We have usually been taught that humanity’s decision to abandon its hunter-gathering ways and settle down as farmers was a master-stroke: the tap root of all subsequent civilisation. Harari recognises that it was a development of the greatest significance, but he wonders if it was a terribly good idea. Societies could now produce a lot more food and this resulted in an exponential growth in population, but were those lives better or happier? Harari has his doubts.
He suggests that hunter-gatherers enjoyed more varied existences, had more leisure time, and ran a smaller risk of disease and starvation. The agricultural revolution ‘left farmers with lives generally more difficult and less satisfying than those of foragers.’ Their diet did not improve, their bodies had to perform tasks unsuited to human anatomy, and being in thrall to wheat, rice or potatoes meant that a single bad harvest could signal disaster. Harari sums up the whole process in another of his bold phrases: ‘the ability to keep more people alive under worse conditions.’
Such analysis is typical of this courageous, thought-provoking, and occasionally reductive book. Harari offers a panoramic survey of human history and challenges many preconceptions. The results are frequently magnificent, though they sometimes involve conspicuously broad brush strokes. What, for example, has been the key to human cooperation and our ability to establish efficient, stable societies? We have the cognitive revolution to thank. 70,000 years ago something very strange happened to the human brain, most likely the result of a random genetic mutation. We could think in more abstract, long-term ways. Language arrived on the scene and, just as importantly, we could cultivate what Harari regards as shared societal fictions. Apparently, we have been doing this ever since: dreaming up principles that bind us together and legitimise our actions.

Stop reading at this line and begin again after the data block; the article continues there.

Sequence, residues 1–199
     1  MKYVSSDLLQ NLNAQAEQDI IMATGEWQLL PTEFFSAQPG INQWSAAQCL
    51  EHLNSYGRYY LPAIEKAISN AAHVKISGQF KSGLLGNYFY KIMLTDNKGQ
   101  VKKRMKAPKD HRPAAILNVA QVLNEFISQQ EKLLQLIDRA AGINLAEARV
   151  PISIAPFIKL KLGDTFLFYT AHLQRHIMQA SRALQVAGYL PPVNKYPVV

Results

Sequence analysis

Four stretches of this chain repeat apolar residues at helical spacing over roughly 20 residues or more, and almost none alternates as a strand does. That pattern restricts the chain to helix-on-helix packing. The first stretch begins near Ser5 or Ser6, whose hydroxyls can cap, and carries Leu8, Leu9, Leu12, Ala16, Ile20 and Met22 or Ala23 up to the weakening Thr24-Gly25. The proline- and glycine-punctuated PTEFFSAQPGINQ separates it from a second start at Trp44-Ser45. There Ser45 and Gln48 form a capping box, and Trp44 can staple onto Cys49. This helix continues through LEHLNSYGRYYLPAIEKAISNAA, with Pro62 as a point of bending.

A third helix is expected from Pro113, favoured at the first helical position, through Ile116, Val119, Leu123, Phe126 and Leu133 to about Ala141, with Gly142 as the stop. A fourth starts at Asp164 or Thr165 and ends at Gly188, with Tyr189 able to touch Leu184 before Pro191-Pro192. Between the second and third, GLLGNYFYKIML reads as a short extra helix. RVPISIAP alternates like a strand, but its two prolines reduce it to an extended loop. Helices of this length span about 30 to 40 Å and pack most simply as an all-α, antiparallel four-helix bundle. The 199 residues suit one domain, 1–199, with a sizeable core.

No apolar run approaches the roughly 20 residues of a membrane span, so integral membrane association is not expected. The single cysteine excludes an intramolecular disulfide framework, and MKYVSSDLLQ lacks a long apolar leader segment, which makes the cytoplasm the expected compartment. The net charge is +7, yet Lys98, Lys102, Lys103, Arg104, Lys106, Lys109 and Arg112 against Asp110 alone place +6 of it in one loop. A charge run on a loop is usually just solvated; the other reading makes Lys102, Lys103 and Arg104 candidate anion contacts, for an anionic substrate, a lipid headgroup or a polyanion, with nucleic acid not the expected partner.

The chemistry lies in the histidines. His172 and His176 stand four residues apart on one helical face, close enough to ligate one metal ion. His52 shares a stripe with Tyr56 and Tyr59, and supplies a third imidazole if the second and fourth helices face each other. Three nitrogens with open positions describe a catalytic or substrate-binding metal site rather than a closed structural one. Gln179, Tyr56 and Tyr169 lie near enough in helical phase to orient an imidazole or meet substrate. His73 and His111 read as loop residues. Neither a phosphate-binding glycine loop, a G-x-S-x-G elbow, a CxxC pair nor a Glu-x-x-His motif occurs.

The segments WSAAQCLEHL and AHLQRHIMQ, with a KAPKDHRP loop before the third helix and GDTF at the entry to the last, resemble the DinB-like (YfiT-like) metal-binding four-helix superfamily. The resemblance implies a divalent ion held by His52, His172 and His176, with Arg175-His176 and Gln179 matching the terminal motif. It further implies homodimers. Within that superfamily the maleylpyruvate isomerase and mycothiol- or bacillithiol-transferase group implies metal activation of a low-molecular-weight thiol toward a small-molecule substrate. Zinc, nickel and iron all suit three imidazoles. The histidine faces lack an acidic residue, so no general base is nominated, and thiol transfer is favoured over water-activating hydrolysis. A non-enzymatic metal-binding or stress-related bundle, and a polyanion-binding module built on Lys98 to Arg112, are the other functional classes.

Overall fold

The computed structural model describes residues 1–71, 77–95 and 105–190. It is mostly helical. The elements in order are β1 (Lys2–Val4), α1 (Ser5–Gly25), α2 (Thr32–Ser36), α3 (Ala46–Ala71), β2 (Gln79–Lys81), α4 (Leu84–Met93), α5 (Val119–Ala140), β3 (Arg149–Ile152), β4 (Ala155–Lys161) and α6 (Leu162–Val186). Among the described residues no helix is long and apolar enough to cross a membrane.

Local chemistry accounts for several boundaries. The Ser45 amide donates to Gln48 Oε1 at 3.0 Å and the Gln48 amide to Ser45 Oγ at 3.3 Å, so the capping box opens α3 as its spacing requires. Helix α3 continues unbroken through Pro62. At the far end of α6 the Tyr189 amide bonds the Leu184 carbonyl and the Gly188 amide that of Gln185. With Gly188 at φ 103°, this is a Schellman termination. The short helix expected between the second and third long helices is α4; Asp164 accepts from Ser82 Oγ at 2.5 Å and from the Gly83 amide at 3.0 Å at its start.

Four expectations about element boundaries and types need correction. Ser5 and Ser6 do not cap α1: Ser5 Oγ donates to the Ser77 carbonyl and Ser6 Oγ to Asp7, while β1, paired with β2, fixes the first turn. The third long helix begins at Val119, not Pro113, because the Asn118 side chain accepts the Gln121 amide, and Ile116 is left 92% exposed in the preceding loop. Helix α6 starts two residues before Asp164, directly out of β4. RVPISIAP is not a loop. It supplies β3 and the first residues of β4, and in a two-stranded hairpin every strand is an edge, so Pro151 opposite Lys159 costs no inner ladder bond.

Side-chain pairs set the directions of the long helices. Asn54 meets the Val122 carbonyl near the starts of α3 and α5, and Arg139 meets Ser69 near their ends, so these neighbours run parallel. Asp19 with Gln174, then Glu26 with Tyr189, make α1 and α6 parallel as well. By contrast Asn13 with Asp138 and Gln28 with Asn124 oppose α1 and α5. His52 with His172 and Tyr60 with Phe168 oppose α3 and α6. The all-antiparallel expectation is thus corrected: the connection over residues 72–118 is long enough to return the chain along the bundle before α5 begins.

By Harari’s account these include everything from religion to nationalism to the processes and totemic symbols of modern capitalism. The ‘only place such universal principles exist is in the fertile imagination of Sapiens, and in the myths they invent and tell one another,’ though this has not dented their utility. Maybe, but it’s unsettling grouping every human faith, philosophy and ideology into the same, narrow hermeneutic category.
Harari’s adjudication of humanity’s overall impact on the planet is equally challenging. He offers a devastating and accurate account of the harm we have done. When we arrived in Australia 45,000 years ago, we managed to wipe out all the megafauna and, when we made it to the Americas, a similar ‘human blitzkrieg’ ensued. The trend continued, not least over the past two hundred years, so it is not unreasonable to describe us as ‘the most important and most destructive force the animal kingdom has ever produced’ or as an ‘ecological serial killer.’ Then again, it seems a little strong to say that we have ‘little that we can be proud of.’ I don’t suppose Bach’s fugues make up for all the carnage, but I’m still pleased we managed to produce them.
All told, this book will enchant, surprise and annoy you in roughly equal measure. Harari writes beautifully and his basic point is sound: any glib notion of human progress is dubious. This is a very modern idea and most of our predecessors had the good sense to look to the past for inspiration rather than assuming that every passing year marked an advance in human civilisation.
As Harari concludes, this perception is hard to sustain in 2014. On the one hand, we have the potential to transform the very meaning of being human and have, remarkably, cast off the shackles of evolutionary imperatives: we’ll soon be living for longer than any gene could reasonably expect. On the other hand, we could blow up the planet in the blink of an eye. If that’s progress, I’m a Martian.
‘Know thyself’ is always good advice and Harari’s book provides a compelling account of the human past, present and possible future.
SAPIENS: A Brief History of Humankind by Yuval Noah Harari, Harvill Secker, £25
This review was published in the November 2014 edition of Geographical Magazine